The defaced statue commemorates Dr. J. Marion Sims, both a celebrated and controversial figure in American medical history. Considered to be “the father of modern gynecology,” the South Carolina-born doctor is best known for his pioneering medical research (in particular, a surgical technique used in treating vesico-vaginal fistulas) and establishing the New York-based “Women’s Hospital,” the first institution in the country exclusively dedicated to women’s health.
In the years prior to his career move north, however, Sims practiced medicine in Montgomery, Alabama, where he routinely performed medical experiments on enslaved African women (including those under his ownership) without the use of anesthesia. Most of his patients/victims died of infection or trauma as a result of their surgeries. In addition to his gynecological work, Sims also tested on enslaved children in an effort to surgically treat a variety of physical development issues. He believed that African-Americans were less intelligent than white people because their skulls grew too quickly around their brain. Acting on this racist hypothesis, he used a shoemaker’s tool to pry the children’s bones apart in order to loosen their skulls. The experiments yielded little in the way of medical advancement, essentially serving as pointless exercises in torture.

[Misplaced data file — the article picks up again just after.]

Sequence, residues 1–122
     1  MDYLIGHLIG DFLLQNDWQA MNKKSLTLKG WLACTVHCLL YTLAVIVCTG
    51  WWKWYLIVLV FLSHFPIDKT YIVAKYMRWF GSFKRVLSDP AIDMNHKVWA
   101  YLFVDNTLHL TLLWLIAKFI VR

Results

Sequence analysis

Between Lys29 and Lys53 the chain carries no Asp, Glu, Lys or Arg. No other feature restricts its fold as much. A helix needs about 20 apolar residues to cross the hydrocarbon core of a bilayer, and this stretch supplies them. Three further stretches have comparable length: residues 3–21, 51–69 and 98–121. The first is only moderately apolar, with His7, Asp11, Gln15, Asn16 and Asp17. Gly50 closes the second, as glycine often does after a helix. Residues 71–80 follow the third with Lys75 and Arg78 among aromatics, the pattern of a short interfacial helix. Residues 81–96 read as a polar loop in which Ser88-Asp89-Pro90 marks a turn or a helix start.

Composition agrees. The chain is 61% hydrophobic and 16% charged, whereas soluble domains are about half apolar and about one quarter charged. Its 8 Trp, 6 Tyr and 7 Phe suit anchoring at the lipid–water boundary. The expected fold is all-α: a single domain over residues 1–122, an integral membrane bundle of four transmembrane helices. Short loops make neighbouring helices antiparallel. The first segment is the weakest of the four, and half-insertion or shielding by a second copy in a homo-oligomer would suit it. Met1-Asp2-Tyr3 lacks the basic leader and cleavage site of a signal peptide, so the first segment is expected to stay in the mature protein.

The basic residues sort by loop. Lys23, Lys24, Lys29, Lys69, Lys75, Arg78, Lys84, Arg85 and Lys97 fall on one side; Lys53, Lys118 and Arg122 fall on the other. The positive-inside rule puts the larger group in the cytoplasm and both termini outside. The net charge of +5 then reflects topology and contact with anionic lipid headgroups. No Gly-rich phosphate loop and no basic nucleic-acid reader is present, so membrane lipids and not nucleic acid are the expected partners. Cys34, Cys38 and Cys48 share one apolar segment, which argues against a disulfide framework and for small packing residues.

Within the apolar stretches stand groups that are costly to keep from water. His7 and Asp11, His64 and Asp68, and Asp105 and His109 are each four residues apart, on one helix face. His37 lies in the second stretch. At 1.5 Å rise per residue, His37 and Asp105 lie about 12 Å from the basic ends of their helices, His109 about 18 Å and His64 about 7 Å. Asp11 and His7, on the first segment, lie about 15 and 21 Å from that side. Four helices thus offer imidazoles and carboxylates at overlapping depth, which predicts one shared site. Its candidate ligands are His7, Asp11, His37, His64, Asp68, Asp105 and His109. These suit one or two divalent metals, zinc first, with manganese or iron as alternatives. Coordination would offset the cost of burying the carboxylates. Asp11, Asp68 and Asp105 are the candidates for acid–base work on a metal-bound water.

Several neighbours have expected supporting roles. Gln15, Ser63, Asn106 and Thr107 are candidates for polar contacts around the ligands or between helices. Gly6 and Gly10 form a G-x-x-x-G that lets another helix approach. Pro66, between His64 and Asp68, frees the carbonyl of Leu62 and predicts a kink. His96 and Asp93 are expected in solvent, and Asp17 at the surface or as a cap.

The protesting of Sims’ legacy is not only a reckoning with the uncomfortable truths associated with the medical practices of the antebellum past. It is also an acknowledgment of how deeply rooted such racial atrocities are within American society – “a dark blood-magic” that was not only tied to the plantation system, but also fueled the economic expansion and scientific progress of the century that followed.